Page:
43Usagi Yojimbo by Stan Sakai "Never less than thoughtful and entertaining, Usagi Yojimbo is one of the most consistent comics around."
15Uncle Scrooge by Carl Barks "His Donald Duck stories are a comedic blast, but his Uncle Scrooge stories are veritable silly symphonies of complicated plotting and intercontinental adventure. Need a master class in how to tell a great comics story? Read any Barks' Scrooge stories from 1950 until his retirement in 1966. It's all there."
5The Complete Crumb by R. Crumb "To ignore him completely is only to invite accidentally ripping him off; he's the Bob Dylan of the comics underground, and his work is embedded in the medium's DNA now."
1Love and Rockets by Gilbert and Jaime Hernandez "Imagine the Clash or R.E.M. or Run-DMC not only never broke up, but, for 30 years, never once released a less-than-excellent record. Imagine their command of their craft just became more pronounced year after year, earning the unshakable admiration of their fans and peers. Imagine they made the best record of their career, 30 years on, this decade. This is essentially what Jaime and Gilbert Hernandez have done with Love and Rockets, the greatest American comic book series of all time."
• Gainesville, FL: The great Carol Tyler will present a talk on "Graphic Emotion: Weighted Words and Moving Marks" at the 11th annual University of Florida Conference on Comics and Graphic Novels. (more info)
For their 11th annual University of Florida Conference on Comics and Graphic Novels, the Graduate Comics Organization will look at "Traumics: Comics Narratives of Trauma."
And presenting one of their keynote speakers is noneother than our very own Carol Tyler, and on Saturday, April 5th, she will present a talk on "Graphic Emotion: Weighted Words and Moving Marks" at 7:00 PM, with a reception to follow at 8:30 PM with drinks and hors d’oeuvres. Surely, anyone who has read Tyler's series, You'll Never Know, her graphic memoir focusing on the artist's father and his experiences in World War II, knows that she's an expert on graphic emotion!
On Sunday, April 6th, Carol will lead an artist's workshop titled "Comics: Getting Down to Basics" at 11:15 AM.
Keynote lectures and receptions will be held in Ustler Hall. All other events will be held in Pugh Hall. Ustler Hall is located on the University of Florida at the intersection of East West Drive and Fletcher Drive. The conference is FREE and open to the public.
Well, frankly, these stories must be told every-damn-where! But, starting January 16th, 2014, the Rutgers-Camden’s Stedman Gallery will become a haven for artists displaying comix versions of their life stories through a marriage of drawings to text.
Such as Carol Tyler, who shares on her blog that some pages of original art, including a few from You'll Never Know, will be on display! (She also shares that "Mr. Compulsive Narrative himself Justin Green shares some original Binky Brown pages," adding, "that alone is worth the effort to go see this exhibit.")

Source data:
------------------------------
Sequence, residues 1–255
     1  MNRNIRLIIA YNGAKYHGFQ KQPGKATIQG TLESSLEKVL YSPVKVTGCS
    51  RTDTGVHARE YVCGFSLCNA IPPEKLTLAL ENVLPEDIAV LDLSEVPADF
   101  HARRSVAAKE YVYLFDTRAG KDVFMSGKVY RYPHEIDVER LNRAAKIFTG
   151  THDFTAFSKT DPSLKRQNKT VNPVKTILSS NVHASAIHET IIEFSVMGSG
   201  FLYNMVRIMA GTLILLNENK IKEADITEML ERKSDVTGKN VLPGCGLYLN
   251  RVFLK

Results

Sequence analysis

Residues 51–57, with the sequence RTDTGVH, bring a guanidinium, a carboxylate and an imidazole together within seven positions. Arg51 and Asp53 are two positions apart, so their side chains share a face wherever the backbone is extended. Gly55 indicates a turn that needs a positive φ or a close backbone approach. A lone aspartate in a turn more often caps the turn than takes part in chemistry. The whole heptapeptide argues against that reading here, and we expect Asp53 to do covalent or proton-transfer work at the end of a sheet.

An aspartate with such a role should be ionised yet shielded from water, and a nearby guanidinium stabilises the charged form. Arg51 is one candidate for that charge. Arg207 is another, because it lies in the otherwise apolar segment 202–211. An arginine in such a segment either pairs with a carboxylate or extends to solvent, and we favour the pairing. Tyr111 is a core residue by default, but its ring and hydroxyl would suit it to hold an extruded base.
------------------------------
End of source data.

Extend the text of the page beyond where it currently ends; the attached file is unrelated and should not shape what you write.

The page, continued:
Original pages will also be on display from Ellen Forney, Julie Doucet, David Small, Gilad Seliktar, and many, many more!
Holy yes-more-please, SPX rocked us. Jacq Cohen, Gary Groth and I traversed across the country for one of the single best comic books shows that exists. We knew it was going to be quite the fun time when we boarded the plane and saw Joseph Remnant. A small favor to stranger later and he was TRAPPED between us for 4+ hours.
SPX is that magical place where we stay in the same hotel as the convention so you run into people all the time. We found a Ben Catmull by the elevators right away! Maybe he was haunting the place (NOT COOL, BEN)
Early morning rise and shine, all the books were out in their deliciously intimidating stacks including all sexy color Peanuts Every Sunday.
Speaking of Peanuts, kids are attracted to it like a magnet. Yes!
Sketching Guantanamo also debuted at SPX and Janet Hamlin, the military tribunal artist for the last seven years showed upwith some new sketches. This book is very important, not just to Janet or us but to the United States as a form of public record.
Peter Bagge signs some books for fans! (photo by Meredith Rizzo)
Zak Sally took a break behind our booth to do some sweet sketches.
The last thing to do at a con after packing up some unsold books and labeling boxes is EAT COOKIES. SPX social media coordinator and crazy busy man, Michael David Thomas, is the stuff fucking dreams are made of my friends.
I'm so pissed I forgot to show off my '90s HIP HOP socks to Ed while he was signing Hip Hop Family Tree. See those smiley faces and peace signs? The kind of socks you keep for the rest of your life! Eden Miller, Ignatz organizer, also showed off her own foot related fashion---an Ignatz tattoo pulled right from the pages of Herriman's comic!
Back on the plane ride home, Jacq took a photo of me working on comics.
We had SUCH a great time at SPX, thank you so much to Warren Bernard, Michael David Thomas, Dan Stafford, Eden Miller, Sam Marx and the many, many, many other staffers and volunteers who made the show rock. Our bags are already packed for next year.